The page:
Raj Sundaram has an analytical turn of mind. So ten years ago, when his wife Pookie came up with the idea of opening their own restaurant, he assessed it carefully.
He had a career in technology/software engineering in Virginia. His wife had experience in various roles in her cousin’s restaurant. The prospect of running their own authentic Thai restaurant in a smaller town appealed to them both.
“I had lived in a lot of big cities,” Sundaram said. “I wanted to live in a mid-size town; not too big, not too small.”
The search for the right place to start led to Morgantown
He researched the selection criteria for the ideal location:
- A college town with roughly 25,000 or more students
- No other Thai restaurants present so that the Sundaram’s would be the first of its kind in that town
- A vibrant downtown main street
- Economic stability, driven primarily by industries such as healthcare and education
- Located within a one-hour flight or 4-hour drive of his tech/software engineering job in northern Virginia
His search pointed to Morgantown.
“Since I didn’t know anyone in Morgantown, one of the first resources I contacted was the West Virginia Small Business Development Center,” Sundaram said. “I wanted to know more about Morgantown’s economy, West Virginia University, the future plans of hospitals, tourism aspects of Morgantown and so on.”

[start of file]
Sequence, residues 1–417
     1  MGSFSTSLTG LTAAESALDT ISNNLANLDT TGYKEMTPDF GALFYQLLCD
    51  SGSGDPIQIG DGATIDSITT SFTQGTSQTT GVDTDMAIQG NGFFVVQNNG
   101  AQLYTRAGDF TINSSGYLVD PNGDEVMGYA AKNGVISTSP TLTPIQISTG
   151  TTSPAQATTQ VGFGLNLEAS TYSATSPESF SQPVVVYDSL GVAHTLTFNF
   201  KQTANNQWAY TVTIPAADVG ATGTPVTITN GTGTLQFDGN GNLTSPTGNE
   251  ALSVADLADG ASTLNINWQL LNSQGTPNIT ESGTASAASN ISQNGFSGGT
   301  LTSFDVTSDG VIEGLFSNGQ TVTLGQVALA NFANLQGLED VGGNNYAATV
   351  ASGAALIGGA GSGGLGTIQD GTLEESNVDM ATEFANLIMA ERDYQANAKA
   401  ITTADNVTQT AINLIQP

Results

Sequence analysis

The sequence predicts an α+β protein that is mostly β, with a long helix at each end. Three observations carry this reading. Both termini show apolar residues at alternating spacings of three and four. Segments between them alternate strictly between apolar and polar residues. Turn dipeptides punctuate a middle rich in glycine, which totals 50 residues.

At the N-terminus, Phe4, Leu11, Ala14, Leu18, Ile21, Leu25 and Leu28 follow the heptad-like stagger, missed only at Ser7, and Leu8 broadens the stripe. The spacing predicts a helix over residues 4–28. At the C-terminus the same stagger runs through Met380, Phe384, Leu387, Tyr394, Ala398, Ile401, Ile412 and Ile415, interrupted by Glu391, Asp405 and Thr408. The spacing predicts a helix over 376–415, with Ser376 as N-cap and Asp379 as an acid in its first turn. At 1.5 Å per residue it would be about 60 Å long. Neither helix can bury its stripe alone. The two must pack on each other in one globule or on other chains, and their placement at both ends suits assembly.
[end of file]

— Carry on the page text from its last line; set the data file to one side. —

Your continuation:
He spoke with WV SBDC Business Coach Sharon Stratton, based in Morgantown. She holds a Master of Business Administration degree and ranks as a Certified Business Advisor, having completed the graduate-level e-learning course through the accredited Kent State University.
“I assisted Raj in writing a business plan, forming his company and ultimately getting financing to start the restaurant ten years ago,” she said.
“Sharon and the SBDC helped from the start, with registering the legal business, all aspects of federal and state taxation requirements, and obtaining permits,” Sundaram said. “Sharon was also helpful in making me understand the local demography of Morgantown, advertising a new small business, et cetera.”
The Chaang Thai Restaurant opened in Morgantown in August 2011.
For Sundaram, the restaurant presented a glimpse into what makes The Kingdom of Thailand unique, including the fresh, flavorful and healthy food.